Graphika in the Press

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“Interview: Dr. John Kelly, CEO of Graphika on Andrea Mitchell Reports”

(MSNBC, August 2018)

After delivering his testimony on Russian foreign influence on social media to the Senate Select Intelligence Committee, Dr. Kelly visited Andrea Mitchell Reports (MSNBC) in Washington, D.C. on August 2nd, 2018.


“ Tracking Bots in the Lead-up to the U.S. Midterms”

(CBC News: The National, October 2018)

Graphika’s Camille François sat down with Steven D'Souza to look at the role social media and fake news will play in this November’s elections, and how teams like Graphika are tackling the problem.


"Disinformation, ‘Fake News’ and Influence Campaigns on Twitter” 

(Knight Foundation, October 2018)

Graphika’s Vladimir Barash co-authored one of the largest analyses to date on how fake news spread on Twitter both during and after the 2016 election campaign. Using tools and mapping methods from  Graphika, the study analyzed more than 10 million tweets from 700,000 Twitter accounts that linked to more than 600 fake and conspiracy news outlets to ultimately measure how the fake news ecosystem has evolved since November 2016.


"This Is What Filter Bubbles Actually Look Like”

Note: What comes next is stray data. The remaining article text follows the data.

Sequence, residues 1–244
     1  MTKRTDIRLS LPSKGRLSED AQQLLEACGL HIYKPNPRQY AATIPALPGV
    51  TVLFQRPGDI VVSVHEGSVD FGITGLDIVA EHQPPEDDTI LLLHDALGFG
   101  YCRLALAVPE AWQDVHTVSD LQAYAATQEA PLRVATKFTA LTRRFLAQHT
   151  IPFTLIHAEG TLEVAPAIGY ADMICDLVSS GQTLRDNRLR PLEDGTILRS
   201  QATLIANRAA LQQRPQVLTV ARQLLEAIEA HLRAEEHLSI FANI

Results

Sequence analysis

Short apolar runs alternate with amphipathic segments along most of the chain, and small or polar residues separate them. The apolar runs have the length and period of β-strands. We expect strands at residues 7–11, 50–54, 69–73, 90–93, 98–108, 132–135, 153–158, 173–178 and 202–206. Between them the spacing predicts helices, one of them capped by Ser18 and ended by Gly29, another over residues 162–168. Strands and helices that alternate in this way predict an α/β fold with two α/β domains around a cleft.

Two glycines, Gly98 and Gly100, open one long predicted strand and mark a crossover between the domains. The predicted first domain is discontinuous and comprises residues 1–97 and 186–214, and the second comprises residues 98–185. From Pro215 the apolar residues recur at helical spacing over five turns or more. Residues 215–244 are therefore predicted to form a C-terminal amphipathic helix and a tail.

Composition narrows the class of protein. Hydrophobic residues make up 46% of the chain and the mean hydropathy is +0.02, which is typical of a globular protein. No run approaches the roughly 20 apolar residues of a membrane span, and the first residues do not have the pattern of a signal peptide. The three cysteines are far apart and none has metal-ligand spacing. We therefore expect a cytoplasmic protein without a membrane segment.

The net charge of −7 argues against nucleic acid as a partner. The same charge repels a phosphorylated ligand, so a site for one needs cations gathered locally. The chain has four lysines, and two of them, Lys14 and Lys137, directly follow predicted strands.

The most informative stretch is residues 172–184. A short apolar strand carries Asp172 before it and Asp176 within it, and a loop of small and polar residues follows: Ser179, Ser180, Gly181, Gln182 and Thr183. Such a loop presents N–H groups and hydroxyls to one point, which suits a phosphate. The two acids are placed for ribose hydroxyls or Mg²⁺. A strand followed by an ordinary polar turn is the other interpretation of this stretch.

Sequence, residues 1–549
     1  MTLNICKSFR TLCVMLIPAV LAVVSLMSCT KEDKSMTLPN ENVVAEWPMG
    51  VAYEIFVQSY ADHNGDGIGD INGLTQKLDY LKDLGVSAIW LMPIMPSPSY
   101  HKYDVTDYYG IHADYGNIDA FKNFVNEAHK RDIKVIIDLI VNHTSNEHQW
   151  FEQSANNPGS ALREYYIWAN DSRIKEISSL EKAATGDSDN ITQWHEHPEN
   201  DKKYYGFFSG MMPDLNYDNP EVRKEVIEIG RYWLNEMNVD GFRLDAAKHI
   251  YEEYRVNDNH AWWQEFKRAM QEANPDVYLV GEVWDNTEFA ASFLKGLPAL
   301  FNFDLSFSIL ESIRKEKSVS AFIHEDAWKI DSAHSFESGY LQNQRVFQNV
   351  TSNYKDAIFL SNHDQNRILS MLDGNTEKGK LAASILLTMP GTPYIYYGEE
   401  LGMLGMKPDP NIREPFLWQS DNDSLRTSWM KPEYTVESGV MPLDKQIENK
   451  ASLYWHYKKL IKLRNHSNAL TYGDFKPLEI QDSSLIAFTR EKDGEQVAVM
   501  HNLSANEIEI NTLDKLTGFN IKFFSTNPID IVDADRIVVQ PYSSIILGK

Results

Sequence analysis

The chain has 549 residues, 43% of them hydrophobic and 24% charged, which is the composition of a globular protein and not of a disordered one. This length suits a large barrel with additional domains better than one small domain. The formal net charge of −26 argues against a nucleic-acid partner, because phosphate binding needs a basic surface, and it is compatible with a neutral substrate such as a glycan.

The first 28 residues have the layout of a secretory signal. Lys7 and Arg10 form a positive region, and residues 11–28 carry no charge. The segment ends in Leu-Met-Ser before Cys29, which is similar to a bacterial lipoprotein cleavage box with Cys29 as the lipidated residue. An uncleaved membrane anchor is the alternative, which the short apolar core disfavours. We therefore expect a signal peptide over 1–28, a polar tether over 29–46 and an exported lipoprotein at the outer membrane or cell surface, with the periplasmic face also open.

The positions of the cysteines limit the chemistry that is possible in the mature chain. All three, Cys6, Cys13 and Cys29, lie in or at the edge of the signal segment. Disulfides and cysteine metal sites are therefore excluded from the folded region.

(MIT Technology Review, August 2018)

Graphika CEO, Dr. John Kelly and Director of Research and Analysis, Camille François co-authored this feature photo essay on the history of polarization online, illustrated by a full-color high-resolution slideshow of Graphika’s own proprietary visualizations.


"How Russian Trolls Used Meme Warfare to Divide America”

(Wired, December 2018)

“This report, along with a second one written by the Computational Propaganda Project at Oxford University and Graphika, offers the most extensive look at the IRA’s attempts to divide Americans, suppress the vote, and boost then-candidate Donald Trump before and after the 2016 presidential election.”


"Russians Focused Intensely on African Americans as They Sought to Deliver a Victory for Trump" 

(Los Angeles Times, December 2018)

“…Another report by Oxford University’s  Computational Propaganda Project  and a firm called  Graphika  demonstrate “how aggressively Russia sought to divide Americans by race, religion and ideology.” He called on social media companies to share more of their data with analysts engaged in finding and confronting the campaigns.”